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The Strategist Six: Dino Patti Djalal

Posted By on April 29, 2016 @ 06:00

Image courtesy of ASPI 2016

Welcome to The Strategist Six, a feature that provides a glimpse into the thinking of prominent academics, government officials, military officers, reporters and interesting individuals from around the world.

1. You served as Indonesia’s Ambassador to the United States from 2010 to 2013. Do you think the US is in a position to maintain primacy in the Western Pacific for the foreseeable future?

Yes, but in a different environment than before. I think that the most important geopolitical development in Southeast Asia is China’s push into the region. China now is the largest trading partner of most of Southeast Asian nations and it has significant diplomatic, economic, political and some strategic capital as well. So while no one will be able to surpass what the US spends on its military and defence budget, China is coming a close second, although there is still distance between the two. But in terms of influence, there is definitely a strong competition or one-upmanship between China and the US.

2. China has recently breached Indonesian sovereignty at the Natuna Islands. How should China’s incursions be dealt with?

Firmly. But we also still want to maintain good relations with China. We have a strong Australia policy and a strong US policy. I think we need an equally strong but clear China policy. It’s been very heavy on the economic side—on trade and investment, on tourism to some extent—but we need to be firm and know when to draw the line when it comes to strategic issues, especially concerning the South China Sea and the Natuna Islands. China has been quiet in terms of responding to our protests, but in my view, if China wants to show good will, they should send the staff from their ship that encroached on Indonesian territorial waters to Indonesia to face the Indonesian courts. That would go a long way towards showing China’s good will as both Indonesia and China have signed a document in our strategic partnership committing both countries to fight illegal fishing; this is one test for that commitment.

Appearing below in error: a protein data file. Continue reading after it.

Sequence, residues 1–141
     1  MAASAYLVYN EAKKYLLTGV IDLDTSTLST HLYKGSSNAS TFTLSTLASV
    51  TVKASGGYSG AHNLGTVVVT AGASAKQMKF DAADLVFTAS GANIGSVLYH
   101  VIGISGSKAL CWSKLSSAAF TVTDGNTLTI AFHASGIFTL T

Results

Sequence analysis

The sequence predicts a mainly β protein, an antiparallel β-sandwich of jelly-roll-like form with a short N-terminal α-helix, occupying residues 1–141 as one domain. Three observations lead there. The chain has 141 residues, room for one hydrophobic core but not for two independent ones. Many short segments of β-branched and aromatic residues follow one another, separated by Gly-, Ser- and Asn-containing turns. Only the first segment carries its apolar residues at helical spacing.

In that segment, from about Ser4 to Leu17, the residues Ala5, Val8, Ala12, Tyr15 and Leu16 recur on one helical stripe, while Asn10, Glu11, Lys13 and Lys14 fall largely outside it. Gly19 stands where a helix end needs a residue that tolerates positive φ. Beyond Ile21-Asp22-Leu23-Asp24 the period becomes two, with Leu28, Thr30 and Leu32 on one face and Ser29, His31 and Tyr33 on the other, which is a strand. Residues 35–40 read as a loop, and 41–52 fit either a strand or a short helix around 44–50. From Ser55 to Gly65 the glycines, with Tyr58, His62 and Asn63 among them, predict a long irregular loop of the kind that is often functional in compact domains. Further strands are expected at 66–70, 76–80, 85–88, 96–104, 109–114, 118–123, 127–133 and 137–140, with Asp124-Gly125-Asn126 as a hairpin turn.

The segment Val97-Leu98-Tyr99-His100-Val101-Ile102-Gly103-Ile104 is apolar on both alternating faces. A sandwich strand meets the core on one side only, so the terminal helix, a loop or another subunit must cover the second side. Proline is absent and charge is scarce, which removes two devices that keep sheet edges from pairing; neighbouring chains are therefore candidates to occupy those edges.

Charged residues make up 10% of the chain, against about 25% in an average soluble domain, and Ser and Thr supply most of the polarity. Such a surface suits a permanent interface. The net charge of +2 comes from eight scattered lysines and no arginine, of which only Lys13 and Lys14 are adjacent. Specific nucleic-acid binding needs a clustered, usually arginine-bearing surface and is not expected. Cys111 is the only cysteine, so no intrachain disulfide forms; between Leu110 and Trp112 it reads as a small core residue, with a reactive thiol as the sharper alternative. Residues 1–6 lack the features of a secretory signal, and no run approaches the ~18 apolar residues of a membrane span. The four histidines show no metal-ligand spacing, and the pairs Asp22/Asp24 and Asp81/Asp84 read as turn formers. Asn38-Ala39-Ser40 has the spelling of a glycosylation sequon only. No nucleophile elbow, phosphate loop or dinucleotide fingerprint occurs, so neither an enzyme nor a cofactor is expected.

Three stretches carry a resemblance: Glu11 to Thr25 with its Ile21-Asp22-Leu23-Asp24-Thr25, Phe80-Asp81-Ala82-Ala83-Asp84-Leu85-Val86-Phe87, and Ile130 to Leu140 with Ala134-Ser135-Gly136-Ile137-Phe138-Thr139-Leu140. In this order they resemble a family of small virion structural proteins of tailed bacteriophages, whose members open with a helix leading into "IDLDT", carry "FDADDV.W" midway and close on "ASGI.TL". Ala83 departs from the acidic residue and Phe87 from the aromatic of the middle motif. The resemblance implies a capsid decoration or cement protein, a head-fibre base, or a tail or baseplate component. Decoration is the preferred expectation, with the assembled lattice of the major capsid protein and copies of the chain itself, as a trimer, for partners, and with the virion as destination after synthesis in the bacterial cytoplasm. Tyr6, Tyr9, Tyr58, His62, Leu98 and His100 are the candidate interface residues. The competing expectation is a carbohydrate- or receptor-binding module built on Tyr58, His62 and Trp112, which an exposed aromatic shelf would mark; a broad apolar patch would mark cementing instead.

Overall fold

3. Given the strong nationalist emotions running through Indonesia on many levels, how is China’s assertiveness being viewed by Indonesian citizens?

The Natuna case made headlines in Indonesia, and people are asking what is going on. There were some issues relating to some statements about the overlapping claims in Natuna which is a claim made by China. That is seriously disturbing to us because in the long history of our relations, we see China as a country that’s very far away, so claiming parts of our waters is simply unacceptable. So, the Indonesian people like China as a market, they like China as a trading partner, but this particular issue is very discomforting to them.

4. China is now the largest trading partner for every ASEAN nation, while the US plays the role of security guarantor. How will ASEAN balance relations with China and the US?

Before balancing between the two elephants, ASEAN first has to be more coherent. There are new forces pulling ASEAN in different directions and any ASEAN member must make sure that its first line of cooperation and solidarity is with fellow ASEAN nations. I think that the competition for peace and prosperity is a good thing, but it’s a bad thing if the competition becomes zero-sum. If China invests $20 billion in ASEAN and the US says ‘Hey, I can beat that, I’m going to put in $30 billion,’ then we’re all happy. If China sends 20 million tourists to ASEAN and then US says ‘Hey, I can beat that,’ then everybody’s happy! So competing for peace and prosperity is good. Only when it’s a zero-sum game and tears ASEAN apart then it isn’t good.

5. What are your views on President Hillary Clinton or President Donald Trump?

Well, it’s very clear. Obviously, Hillary Clinton! I think a Trump world order would be dangerous because it would be fueled by jingoism and narrow nationalism, and it would lead to anti-Americanism—and that’s not healthy. If Hillary wins the Democratic ticket, then I see her as the candidate who knows Asia best. She’s the author of the ‘pivot’; she knows Indonesia well —she made the point of visiting Indonesia on her first tour and she’s held many discussions with us. I personally think that Hillary is good for Asia and for Indonesia.

6. What do you think is the most significant threat to global security?

In The Clash of Civilizations, Samuel Huntington warns readers about a dangerous post-Cold War trend in global order. But unpleasantly, I find that I’m seeing more and more signs of what Huntington warns of in today’s international order. Islamophobia is growing, xenophobia is growing, there are a lot of conflicts that are based on ethnicity and religious differences. A certain kind of authoritarianism is returning to many countries. There is a battle for the hearts and minds of world citizens, especially those who are on the side of freedom, tolerance, moderation, inclusiveness and pluralism, against those who don’t believe in those tenets. And I think that is by far the greatest fight in the 21st century, not just for governments and nations, but for societies and families—and individuals like me.

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